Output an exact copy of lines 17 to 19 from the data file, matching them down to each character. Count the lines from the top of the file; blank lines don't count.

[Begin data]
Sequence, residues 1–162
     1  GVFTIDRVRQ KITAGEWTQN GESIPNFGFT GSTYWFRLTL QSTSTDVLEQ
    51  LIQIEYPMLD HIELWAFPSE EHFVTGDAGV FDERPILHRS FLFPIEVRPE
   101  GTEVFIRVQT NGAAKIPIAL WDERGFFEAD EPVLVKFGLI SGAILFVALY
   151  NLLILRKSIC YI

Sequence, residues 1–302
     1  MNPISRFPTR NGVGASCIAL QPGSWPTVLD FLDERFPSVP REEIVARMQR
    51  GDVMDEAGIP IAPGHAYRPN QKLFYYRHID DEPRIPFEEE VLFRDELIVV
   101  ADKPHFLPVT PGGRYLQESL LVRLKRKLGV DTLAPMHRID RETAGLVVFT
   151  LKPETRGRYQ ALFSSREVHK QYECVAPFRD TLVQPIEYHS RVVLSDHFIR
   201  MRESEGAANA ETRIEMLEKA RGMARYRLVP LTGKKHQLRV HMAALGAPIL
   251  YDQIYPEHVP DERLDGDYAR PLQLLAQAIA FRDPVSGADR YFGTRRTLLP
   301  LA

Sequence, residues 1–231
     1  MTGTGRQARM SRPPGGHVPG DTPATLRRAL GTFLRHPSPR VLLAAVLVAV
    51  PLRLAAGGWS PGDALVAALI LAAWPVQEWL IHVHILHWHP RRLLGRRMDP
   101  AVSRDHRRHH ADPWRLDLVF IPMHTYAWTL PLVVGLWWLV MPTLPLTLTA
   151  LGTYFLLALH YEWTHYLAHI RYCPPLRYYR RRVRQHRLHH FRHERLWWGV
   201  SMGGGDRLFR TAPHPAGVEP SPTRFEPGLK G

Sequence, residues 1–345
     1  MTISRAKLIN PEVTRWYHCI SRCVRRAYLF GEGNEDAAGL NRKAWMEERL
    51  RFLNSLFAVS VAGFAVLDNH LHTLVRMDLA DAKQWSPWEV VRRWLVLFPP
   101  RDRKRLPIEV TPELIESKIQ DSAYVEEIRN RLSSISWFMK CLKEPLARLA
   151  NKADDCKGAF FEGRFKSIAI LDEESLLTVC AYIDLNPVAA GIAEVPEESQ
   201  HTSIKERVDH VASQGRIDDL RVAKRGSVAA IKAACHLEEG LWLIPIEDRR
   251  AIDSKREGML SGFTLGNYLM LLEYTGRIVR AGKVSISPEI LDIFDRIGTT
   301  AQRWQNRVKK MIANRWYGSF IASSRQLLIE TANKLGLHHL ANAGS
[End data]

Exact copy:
   101  AVSRDHRRHH ADPWRLDLVF IPMHTYAWTL PLVVGLWWLV MPTLPLTLTA
   151  LGTYFLLALH YEWTHYLAHI RYCPPLRYYR RRVRQHRLHH FRHERLWWGV
   201  SMGGGDRLFR TAPHPAGVEP SPTRFEPGLK G